by Gloria Lau, YWCA CEO
Yesterday, 52 U.S. Senators voted in favor of the Paycheck Fairness Act. While a majority, it was still eight votes shy of the number needed to move this gender equity bill forward. I couldn’t help but note the parallel to women and power. We are a majority in the U.S., we are a majority of college graduates, and yet we continue to lack progress in some important ways.
The Senate vote was along mostly partisan lines. Yet, the Paycheck Fairness Act does not represent a partisan issue. When women get paid 23 percent less than what men would earn for the same work, we aren’t asked about our party affiliation. This is an issue for every woman.
The Paycheck Fairness Act would have helped women pursue punitive damages for unequal pay claims. It would have outlawed employers from retaliating against employees who inquire about payment practices or who disclose their own salaries. It would have required businesses to prove that differences in pay between genders were rooted in business requirements. All of these are positive, logical and necessary extensions of the Equal Pay Act of 1963, which was a part of Title VII of the Civil Rights Act to protect workers against wage discrimination.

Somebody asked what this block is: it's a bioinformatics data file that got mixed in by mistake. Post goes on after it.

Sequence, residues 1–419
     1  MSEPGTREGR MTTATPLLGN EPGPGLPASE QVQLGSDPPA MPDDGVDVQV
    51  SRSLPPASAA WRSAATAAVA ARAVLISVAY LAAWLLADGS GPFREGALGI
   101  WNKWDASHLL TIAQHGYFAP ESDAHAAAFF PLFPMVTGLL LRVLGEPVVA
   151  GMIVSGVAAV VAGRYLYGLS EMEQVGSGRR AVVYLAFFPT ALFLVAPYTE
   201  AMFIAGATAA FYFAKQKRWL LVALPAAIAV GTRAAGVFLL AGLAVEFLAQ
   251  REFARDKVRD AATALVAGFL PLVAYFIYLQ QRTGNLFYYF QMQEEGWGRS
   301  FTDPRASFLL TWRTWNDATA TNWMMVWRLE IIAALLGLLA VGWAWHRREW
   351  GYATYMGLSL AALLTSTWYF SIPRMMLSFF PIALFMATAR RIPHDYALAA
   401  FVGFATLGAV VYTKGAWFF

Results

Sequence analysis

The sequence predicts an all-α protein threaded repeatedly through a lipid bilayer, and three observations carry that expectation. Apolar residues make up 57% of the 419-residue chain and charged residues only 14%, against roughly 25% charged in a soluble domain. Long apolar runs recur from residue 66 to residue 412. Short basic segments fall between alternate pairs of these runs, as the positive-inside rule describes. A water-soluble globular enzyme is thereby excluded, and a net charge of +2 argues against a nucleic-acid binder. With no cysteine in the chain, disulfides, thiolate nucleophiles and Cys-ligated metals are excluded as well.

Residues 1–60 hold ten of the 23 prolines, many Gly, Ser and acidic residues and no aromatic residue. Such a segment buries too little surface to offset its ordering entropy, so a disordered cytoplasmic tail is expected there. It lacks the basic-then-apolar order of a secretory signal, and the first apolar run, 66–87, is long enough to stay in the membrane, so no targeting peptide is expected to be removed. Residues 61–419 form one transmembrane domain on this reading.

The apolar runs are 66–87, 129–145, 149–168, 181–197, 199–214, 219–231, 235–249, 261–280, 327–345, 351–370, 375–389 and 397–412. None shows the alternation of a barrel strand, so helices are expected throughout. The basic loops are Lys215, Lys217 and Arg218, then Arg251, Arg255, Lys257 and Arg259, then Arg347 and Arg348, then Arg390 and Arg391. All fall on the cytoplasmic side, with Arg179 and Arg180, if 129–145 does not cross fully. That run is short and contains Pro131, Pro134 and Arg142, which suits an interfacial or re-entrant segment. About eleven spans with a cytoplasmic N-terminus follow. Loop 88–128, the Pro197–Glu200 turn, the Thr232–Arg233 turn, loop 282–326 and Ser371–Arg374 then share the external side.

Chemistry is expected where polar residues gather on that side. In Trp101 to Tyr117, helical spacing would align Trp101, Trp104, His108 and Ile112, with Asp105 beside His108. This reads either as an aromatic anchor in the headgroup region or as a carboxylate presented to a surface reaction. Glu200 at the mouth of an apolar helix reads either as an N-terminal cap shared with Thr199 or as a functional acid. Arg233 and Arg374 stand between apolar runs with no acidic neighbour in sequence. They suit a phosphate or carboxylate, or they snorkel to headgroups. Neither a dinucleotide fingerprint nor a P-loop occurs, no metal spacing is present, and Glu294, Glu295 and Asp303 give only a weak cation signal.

Clearly, being well educated and in the majority aren’t enough for women. We need to organize, own our power, get past our differences on other issues and push for fair wages.
Since 1938 when the first Fair Labor Standards Act became law, the YWCA USA has pushed for initiatives to increase the income of women, including policies that raise the minimum wage, protect overtime, strengthen equal pay and expand non-traditional jobs training for women from all socioeconomic and racial backgrounds. Equal pay is another pocketbook issue that should have been solved years ago.
Much like the recent Violence Against Women Reauthorization vote in the House of Representatives and the debates about women’s reproductive rights, access to fair pay for women has become political football. Let’s stand together and speak out forcefully against the politicization of women’s issues in this election year and beyond. Together, let’s use our collective strength to promote a new standard of fairness.
13 responses to “Senate Fails to Pass Paycheck Fairness Act: Yet Another Example of the Politicization of Women’s Issues”
We need to call out every Senator who voted against it & Cngresspeople who don’t support it. Let’s start our own Superpac. If we even cause one person to lose an election, it’ll get passed in the next session.
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